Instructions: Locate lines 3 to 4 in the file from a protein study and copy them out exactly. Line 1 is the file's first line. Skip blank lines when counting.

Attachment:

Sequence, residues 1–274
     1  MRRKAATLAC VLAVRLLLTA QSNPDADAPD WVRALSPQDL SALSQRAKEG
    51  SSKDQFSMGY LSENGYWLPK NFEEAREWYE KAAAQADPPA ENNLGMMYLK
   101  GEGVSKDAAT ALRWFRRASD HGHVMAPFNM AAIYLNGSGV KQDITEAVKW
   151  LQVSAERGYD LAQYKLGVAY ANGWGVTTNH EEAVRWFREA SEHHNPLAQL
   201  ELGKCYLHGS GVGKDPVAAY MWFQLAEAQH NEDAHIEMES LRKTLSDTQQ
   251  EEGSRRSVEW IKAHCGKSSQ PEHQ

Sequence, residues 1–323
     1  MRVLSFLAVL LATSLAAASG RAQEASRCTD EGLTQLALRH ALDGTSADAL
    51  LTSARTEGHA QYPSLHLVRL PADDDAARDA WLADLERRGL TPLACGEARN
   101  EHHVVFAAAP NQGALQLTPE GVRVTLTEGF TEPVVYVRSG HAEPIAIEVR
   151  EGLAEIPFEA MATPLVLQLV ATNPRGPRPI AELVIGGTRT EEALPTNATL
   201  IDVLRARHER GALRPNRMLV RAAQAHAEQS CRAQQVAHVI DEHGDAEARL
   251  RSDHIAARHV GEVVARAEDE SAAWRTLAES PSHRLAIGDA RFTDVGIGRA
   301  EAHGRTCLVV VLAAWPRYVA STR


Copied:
    51  SSKDQFSMGY LSENGYWLPK NFEEAREWYE KAAAQADPPA ENNLGMMYLK
   101  GEGVSKDAAT ALRWFRRASD HGHVMAPFNM AAIYLNGSGV KQDITEAVKW